Twenty-seven Names on their love of David Shrigley

The art-loving designers have a soft spot for the visiting British artist

David’s note to Twenty-seven Names’ Anjali Stewart. Picture / Supplied.

David Shrigley will exhibit in New Zealand for the first time as part of the Auckland Arts Festival this month, as the 2015 International Resident Artist at Auckland gallery Two Rooms.

The artist is best known for his line drawings with a distinctive deadpan humour — think of a cat shaking a mouse’s hand with speech bubble saying, “I won’t kill you”.

It’s that dark humour that appeals to the art-loving designers behind Twenty-seven Names, Anjali Stewart and Rachel Easting. They discovered David’s work in 2004 through one of his books, and have been fans since — here, they share more on their love of the British artist.

“We love that David’s work is funny. There is a huge amount of humour involved, which makes the work really accessible to the viewer, that’s why he has such a wide-reaching audience.

“Our favourite David Shrigley piece would be the drawing of a man going on stage to receive an award saying, ‘As I go up to receive my award I wave to friends and family in the crowd,’ with the crowd responding, ‘twat’, ‘you’re a twat’, ‘you twat’, ‘twat’.
 

David Shrigley. David Shrigley, Untitled 2012. Acrylic on paper. Portrait / Courtesy of Stephen Friedman Gallery.

“A friend of Anjali’s went to a book-signing of his in New York, and knows she is a massive fan so asked him to pen something for her on the back of a gift card. He asked her what she’d like it to say, she was like, ‘umm — just call her a twat’. He obliged and responded, ‘if only everyone was this easily pleased’. Anjali keeps it at work as a constant reminder of who she is.

“His work has loosely influenced things we have designed. His dry wit has spurred on some of our slogan tees from seasons past. We have so many of his books — The Book of Shrigley, Let’s Wrestle, Red Book and more. These are always a wonderful world to delve into when we are feeling stuck on ideas or need to just take time out from design.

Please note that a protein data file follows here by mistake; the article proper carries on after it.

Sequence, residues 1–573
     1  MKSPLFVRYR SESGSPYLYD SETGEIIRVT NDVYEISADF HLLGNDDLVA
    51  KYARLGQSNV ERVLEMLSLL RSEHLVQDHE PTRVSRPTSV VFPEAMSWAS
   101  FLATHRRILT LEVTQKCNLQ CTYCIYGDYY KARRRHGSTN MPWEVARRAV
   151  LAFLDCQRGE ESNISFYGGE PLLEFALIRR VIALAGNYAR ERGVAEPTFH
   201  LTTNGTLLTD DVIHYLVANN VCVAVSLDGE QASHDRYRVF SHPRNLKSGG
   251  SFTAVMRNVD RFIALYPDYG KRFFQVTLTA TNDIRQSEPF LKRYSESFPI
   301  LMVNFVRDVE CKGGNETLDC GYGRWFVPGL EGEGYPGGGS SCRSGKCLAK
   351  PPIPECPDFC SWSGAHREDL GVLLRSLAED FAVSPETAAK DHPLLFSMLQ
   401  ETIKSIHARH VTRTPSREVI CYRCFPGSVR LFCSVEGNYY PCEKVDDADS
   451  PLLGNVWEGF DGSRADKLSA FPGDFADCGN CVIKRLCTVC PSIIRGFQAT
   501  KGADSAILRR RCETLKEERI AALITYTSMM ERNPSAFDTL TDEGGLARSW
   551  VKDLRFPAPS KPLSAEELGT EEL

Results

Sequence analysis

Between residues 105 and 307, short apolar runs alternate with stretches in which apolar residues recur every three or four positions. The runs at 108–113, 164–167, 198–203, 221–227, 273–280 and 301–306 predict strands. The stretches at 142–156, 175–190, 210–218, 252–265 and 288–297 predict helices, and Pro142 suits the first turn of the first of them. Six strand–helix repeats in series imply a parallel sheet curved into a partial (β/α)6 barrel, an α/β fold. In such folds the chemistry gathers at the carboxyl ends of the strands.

There’s always something that will help to form an idea or jog your memory to come up with something.”

“Rachel was lucky enough to visit Melbourne last month while David’s exhibition Life and Life Drawing was showing. This was the first time she’d actually seen his work in a gallery setting rather than in books etc, and it was awesome. One of the best parts was a grid of about 10 large paintings all hanging on one wall which were beautiful in colour, as well as witty and clever in content — as you’d expect.

“The sculpture components were a real highlight as well — especially a little bronze reminiscent of Degas’ ballerina, but in a much less palatable position.

“Humour is very important in art and in fashion. In art it’s a very real way to connect with the audience. We love that it can cover all topics and subjects and especially in Shrigley’s work, it means that there is something personal that everyone can relate to.

“It’s a way of breaching serious and dark ideas and giving them light and a platform to be discussed. In fashion, the same goes — we have both always really enjoyed fashion that can be playful and not take itself too seriously.

“Tracy Emin is another of our favourite artists. We were lucky enough to see her retrospective at the Hayward Gallery in London a few years back, it was so beautiful, especially the quilts — they are so detailed. We admire her honesty and poetic voice.

“Vanessa Beecroft, Gillian Wearing, Rineke Dijkstra: the way they capture women in their work has always resonated with us — we’ve based photo shoots on their work.”


• David Shrigley, March 6-April 18, at Two Rooms gallery, 16 Putiki St, Newton.

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